Congratulations go to Dr Howarth Bouis and his team for receiving the 2016 World Food Prize, and we at AJFAND thank you so much for affording us the opportunity to publish this work. SCIENCE matters, and research is the mother of innovation, and all these efforts need to be supported, as it is the only way to address the ever increasing world problems. Hunger and malnutrition should be problems of the past in this 21st century.


I thank all AJFAND staff and reviewers for the mazing contributions they have made towards the finalization of this issue on BIOFORTIFICATION.


Enjoy this issue and forward all comments to:


Dr Amy Saltzman [ ajsaltzman.hp@gmail.com ] and Editor-in-Chief [ oniango@iconnect.co.ke ] for action.


Ruth Oniang’o
Editor-in-Chief, AJFAND
Foreword: Ruth Oniang'o
Profile: Howarth Bouis


Preface: Tumusiime Rhoda Peace


•Chapter 1:
An Overview of the landscape and approach for Biofortification in Africa
Howarth Bouis et al. DOI: 10.18697/ajfand.HarvestPlus01


Nutrition and Food Science


•Chapter 2:
Effect of regular consumption of provitamin A biofortified staple crops on Vitamin A status in populations in low-income countries.
Marjorie Haskell et al. DOI: 10.18697/ajfand.HarvestPlus02


•Chapter 3:
Efficacy of iron-biofortified crops.
Erick Boy et al. DOI: 10.18697/ajfand.HarvestPlus03


•Chapter 4:
Micronutrient (provitamin A and iron/zinc) retention in biofortified crops.
Aurelie Bechoff et al. DOI: 10.18697/ajfand.HarvestPlus04


Plant Breeding and Instrumentation


•Chapter 5:
Progress update: Crop development of biofortified staple food crops under HarvestPlus.
Meike Andersson et al. DOI: 10.18697/ajfand.HarvestPlus05


•Chapter 5: ANNEX 1
Biofortified varieties released under HarvestPlus (as of December 2016).
Chapter 5: Annex 1 DOI: 10.18697/ajfand.HarvestPlus05.annex1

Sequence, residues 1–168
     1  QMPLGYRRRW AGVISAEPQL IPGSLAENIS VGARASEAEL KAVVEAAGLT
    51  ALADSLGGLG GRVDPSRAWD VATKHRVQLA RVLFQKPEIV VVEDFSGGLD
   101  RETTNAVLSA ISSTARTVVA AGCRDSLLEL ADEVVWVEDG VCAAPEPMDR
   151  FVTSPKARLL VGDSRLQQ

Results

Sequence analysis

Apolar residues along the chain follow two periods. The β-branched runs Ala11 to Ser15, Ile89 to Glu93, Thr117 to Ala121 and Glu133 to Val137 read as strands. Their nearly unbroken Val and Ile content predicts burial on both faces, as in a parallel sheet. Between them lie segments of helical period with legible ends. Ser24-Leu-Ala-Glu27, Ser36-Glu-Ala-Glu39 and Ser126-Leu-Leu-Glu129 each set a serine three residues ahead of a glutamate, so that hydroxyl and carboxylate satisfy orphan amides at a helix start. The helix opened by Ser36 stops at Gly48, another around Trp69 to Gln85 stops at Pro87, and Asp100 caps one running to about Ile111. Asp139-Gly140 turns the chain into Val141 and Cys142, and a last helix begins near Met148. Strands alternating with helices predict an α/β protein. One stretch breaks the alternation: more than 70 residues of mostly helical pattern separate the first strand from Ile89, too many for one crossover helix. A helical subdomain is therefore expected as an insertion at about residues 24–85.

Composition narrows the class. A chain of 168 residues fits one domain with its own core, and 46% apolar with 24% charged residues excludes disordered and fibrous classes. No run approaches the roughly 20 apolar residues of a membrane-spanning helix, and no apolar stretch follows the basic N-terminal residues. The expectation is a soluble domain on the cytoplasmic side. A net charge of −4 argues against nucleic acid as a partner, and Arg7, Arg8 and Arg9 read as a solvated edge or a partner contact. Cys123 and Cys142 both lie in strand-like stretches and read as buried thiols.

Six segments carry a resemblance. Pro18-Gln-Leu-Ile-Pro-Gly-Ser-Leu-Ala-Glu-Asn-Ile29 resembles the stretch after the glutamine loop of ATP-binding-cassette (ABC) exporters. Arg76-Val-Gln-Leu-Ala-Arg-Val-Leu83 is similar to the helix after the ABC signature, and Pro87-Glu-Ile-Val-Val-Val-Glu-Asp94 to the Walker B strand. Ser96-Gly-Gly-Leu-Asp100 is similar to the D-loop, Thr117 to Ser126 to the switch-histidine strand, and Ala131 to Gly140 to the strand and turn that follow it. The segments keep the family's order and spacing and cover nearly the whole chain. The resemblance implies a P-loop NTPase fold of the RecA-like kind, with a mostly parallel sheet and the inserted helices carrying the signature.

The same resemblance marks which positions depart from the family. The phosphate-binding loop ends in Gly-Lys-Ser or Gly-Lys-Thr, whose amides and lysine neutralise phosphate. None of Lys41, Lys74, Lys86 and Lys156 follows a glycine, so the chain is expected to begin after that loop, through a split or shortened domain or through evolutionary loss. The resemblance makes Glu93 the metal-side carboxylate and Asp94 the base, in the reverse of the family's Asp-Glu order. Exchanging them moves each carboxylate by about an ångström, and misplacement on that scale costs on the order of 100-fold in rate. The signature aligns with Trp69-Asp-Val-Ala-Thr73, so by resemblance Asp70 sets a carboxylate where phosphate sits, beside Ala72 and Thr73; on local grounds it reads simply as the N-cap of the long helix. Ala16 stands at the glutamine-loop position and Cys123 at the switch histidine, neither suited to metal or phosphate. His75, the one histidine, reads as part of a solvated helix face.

•Chapter 6:
High-throughput measurement methodologies for developing nutrient-dense crops.
Georgia Guild et al. DOI: 10.18697/ajfand.HarvestPlus06


Crop Development and Delivery Experience


•Chapter 7:
Sweet potato development and delivery in sub-Saharan Africa.
Jan Low et al. DOI: 10.18697/ajfand.HarvestPlus07


•Chapter 8:
Orange maize in Zambia: Crop development and delivery experience.
Eliab Simpungwe et al. DOI: 10.18697/ajfand.HarvestPlus08


•Chapter 9:
Vitamin A cassava in Nigeria: Crop development and delivery.
Paul Ilona et al. DOI: 10.18697/ajfand.HarvestPlus09


•Chapter 10:
Iron beans in Rwanda: Crop development and delivery experience.
Joseph Mulambu et al. DOI: 10.18697/ajfand.HarvestPlus10


•Chapter 11:
Marketing biofortified crops: insights from consumer research.
Benjamin Uchitelle-Pierce and Patience Ubomba-Jaswa DOI: 10.18697/ajfand.HarvestPlus11


•Chapter 12:
Integrating biofortified crops into community development programs.
Carolyn MacDonald et al. DOI: 10.18697/ajfand.HarvestPlus12


Meauring Impact; Economic Methodologies


•Chapter 13:
Building the case for biofortification: Measuring and maximizing impact in the HarvestPlus program.
Nancy Johnson et al. DOI: 10.18697/ajfand.HarvestPlus13


•Chapter 14
Identification of optimal investments.
Keith Lividini et al. DOI: 10.18697/ajfand.HarvestPlus14


•Chapter 15:
Introducing orange sweet potato: Tracing the evolution of evidence on its effectiveness.
Alan de Brauw et al. DOI: 10.18697/ajfand.HarvestPlus15


Policy/Stakeholder Engagement


•Chapter 16:
Advocacy for biofortification: Building stakeholder support, integration into regional and national policies, and sustaining momentum.
Namukolo Covic et al. DOI: 10.18697/ajfand.HarvestPlus16


•Chapter 17:
The way forward.
Howarth Bouis et al. DOI: 10.18697/ajfand.HarvestPlus17


##################################################


Hon. Prof. Ruth K. Oniang'o, PhD
Editor-in-Chief, African Journal of Food, Agriculture, Nutrition and Development (AJFAND)
Founder, Rural Outreach Program (ROP) Africa
Chair of Boards, SAA/SAFE
President, International Academy of Food Science and Technology (IAFoST) 2016-2018
2014 IFAMA Distinguished Service Award Recipient
2014 FORTUNE Magazine one of 30 Most Innovative Women in Food and Drink
Adjunct Professor of Nutrition, TUFTS University, USA


CONTACTS:
9 Planets Apartments, Block S6
Kabarnet Gardens, Off Kabarnet Road [Off Ngong Road]
P.O. Box 29086-00625 Nairobi, KENYA Cellphone: +254-703 113995


Alternative Contacts:
+254 722 406955 +254 722 809074
Email: RKOniango@ruraloutreachafrica.org
Email: oniango@iconnect.co.ke
Website: www.ropafrica.org AND www.ajfand.net